Comment 31450

By Meredith (registered) - website | Posted June 01, 2009 at 20:16:01

A few months back, I accidentally attended a meeting that also showed that same video ... but the promoter of that one went way off-topic ranting about the Alberta tar sands and capitalist swine... and then I left.

Regardless, the video itself is inspiring - I especially like how they worked with the design of the neighbourhoods as they were built - something we could learn from here.

As has already been mentioned, tagging and graffiti are in completely different spheres.

I doubt that providing more public space will do anything about tagging. At least tagging is fairly easy to get rid of.. if it's consistently cleaned up within a day, taggers will almost invariably move on to an easier location.

Would more public space for art help reduce tagging? I seriously doubt it. Most graffiti artists I know have painted in space without permission... but the better the quality of their art, the more venues they have found, created, networked with or obtained permission from to do it legitimately: from basements to warehouses to churches to walls to businesses to sheds in the suburbs. It's not uncommon for those artists to use other mediums or have art-related careers.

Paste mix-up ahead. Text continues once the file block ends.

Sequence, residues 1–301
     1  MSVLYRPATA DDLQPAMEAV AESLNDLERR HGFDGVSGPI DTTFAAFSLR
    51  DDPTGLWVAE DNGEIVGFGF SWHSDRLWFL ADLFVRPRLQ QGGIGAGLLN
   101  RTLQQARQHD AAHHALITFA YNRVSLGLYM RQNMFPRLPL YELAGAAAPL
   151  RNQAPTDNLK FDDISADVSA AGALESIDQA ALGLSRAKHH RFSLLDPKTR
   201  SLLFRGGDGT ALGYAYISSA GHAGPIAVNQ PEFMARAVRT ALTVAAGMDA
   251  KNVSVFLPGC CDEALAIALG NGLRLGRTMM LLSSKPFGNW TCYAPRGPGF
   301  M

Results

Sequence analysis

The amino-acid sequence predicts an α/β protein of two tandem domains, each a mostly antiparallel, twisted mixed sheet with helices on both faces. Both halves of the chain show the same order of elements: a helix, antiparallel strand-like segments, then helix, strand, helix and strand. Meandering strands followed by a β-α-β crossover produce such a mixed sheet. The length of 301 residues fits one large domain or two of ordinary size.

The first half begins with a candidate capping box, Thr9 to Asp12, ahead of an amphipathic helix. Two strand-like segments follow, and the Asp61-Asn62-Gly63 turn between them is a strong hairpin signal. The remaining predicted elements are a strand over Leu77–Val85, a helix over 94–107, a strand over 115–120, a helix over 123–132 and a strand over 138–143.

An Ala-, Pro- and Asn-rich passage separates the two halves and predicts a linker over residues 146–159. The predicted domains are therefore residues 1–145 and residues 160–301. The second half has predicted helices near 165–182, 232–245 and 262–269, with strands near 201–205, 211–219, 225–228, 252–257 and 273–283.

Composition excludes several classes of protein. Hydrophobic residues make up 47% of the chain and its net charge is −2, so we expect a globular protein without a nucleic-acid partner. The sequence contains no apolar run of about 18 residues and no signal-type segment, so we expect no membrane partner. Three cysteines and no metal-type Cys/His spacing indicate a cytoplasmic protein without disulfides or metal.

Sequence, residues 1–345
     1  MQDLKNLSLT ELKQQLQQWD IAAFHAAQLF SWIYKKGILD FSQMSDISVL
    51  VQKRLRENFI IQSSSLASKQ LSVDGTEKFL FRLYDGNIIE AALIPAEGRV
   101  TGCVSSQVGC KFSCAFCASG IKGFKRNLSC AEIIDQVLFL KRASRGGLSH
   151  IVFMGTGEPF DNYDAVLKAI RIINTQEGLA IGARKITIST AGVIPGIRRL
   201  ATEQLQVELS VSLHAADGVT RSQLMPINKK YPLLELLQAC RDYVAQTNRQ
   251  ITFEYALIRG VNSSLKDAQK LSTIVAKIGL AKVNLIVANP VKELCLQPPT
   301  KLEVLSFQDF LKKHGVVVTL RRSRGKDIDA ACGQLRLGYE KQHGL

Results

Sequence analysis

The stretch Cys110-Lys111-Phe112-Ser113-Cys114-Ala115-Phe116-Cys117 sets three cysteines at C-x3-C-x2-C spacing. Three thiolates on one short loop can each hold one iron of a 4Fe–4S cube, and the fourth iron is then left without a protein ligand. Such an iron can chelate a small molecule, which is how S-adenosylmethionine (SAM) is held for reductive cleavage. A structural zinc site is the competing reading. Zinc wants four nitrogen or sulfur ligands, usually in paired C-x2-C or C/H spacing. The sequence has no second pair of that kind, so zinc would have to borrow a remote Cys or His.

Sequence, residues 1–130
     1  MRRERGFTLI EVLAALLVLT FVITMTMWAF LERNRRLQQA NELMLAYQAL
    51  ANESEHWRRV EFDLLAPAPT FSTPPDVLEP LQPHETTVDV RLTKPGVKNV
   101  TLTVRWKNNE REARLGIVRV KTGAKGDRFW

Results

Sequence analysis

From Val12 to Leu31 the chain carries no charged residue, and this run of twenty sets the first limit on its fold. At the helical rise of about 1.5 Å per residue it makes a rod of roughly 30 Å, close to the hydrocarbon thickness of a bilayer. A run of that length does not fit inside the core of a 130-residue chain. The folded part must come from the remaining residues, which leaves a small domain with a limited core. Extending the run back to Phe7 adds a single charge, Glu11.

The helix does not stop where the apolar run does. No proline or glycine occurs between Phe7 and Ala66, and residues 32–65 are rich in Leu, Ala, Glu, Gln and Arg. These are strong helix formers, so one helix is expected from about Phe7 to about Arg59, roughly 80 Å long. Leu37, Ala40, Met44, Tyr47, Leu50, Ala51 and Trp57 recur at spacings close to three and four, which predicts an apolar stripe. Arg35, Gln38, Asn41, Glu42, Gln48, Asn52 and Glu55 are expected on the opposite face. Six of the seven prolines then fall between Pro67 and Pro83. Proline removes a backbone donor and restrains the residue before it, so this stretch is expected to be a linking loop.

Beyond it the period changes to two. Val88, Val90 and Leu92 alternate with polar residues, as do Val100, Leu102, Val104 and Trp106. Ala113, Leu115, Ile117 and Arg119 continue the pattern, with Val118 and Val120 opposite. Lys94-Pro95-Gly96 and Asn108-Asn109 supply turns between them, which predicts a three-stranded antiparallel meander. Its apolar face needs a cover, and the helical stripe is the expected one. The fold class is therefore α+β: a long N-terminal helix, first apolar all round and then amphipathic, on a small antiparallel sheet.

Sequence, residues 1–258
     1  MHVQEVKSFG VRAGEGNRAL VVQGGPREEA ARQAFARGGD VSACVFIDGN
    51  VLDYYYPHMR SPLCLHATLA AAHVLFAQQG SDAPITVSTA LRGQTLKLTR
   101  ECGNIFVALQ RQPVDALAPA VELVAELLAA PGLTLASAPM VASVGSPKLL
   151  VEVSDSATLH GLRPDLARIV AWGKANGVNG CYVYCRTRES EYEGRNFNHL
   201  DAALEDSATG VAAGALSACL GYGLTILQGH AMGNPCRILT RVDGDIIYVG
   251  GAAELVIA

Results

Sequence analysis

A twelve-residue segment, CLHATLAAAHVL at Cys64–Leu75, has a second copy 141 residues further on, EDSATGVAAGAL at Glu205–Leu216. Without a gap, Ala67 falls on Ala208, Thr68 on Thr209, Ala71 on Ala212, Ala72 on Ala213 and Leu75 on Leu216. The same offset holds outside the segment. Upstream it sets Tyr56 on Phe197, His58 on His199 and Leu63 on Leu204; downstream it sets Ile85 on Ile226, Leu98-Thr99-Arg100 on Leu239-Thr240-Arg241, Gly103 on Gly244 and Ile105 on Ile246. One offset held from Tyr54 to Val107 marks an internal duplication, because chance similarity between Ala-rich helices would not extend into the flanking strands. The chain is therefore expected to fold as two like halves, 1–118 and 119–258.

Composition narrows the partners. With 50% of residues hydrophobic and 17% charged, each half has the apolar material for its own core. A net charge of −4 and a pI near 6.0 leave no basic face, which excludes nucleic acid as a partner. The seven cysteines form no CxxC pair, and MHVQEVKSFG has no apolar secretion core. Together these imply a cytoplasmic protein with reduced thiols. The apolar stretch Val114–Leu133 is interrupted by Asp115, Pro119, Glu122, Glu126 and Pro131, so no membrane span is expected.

What frustrates me about projects like Gibson's in Montreal is that they're have great results for a very low investment - boosting image, creating interest, beautifying environment... and they're ridiculously hard to do going through the "proper" channels.

When one can get something like was done in Portland going, the impact can be enormous and work backward, but it's fundamentally different in its relative lack of anonymity, the gathering/affinity of various people, not painting done covertly in the night alone.

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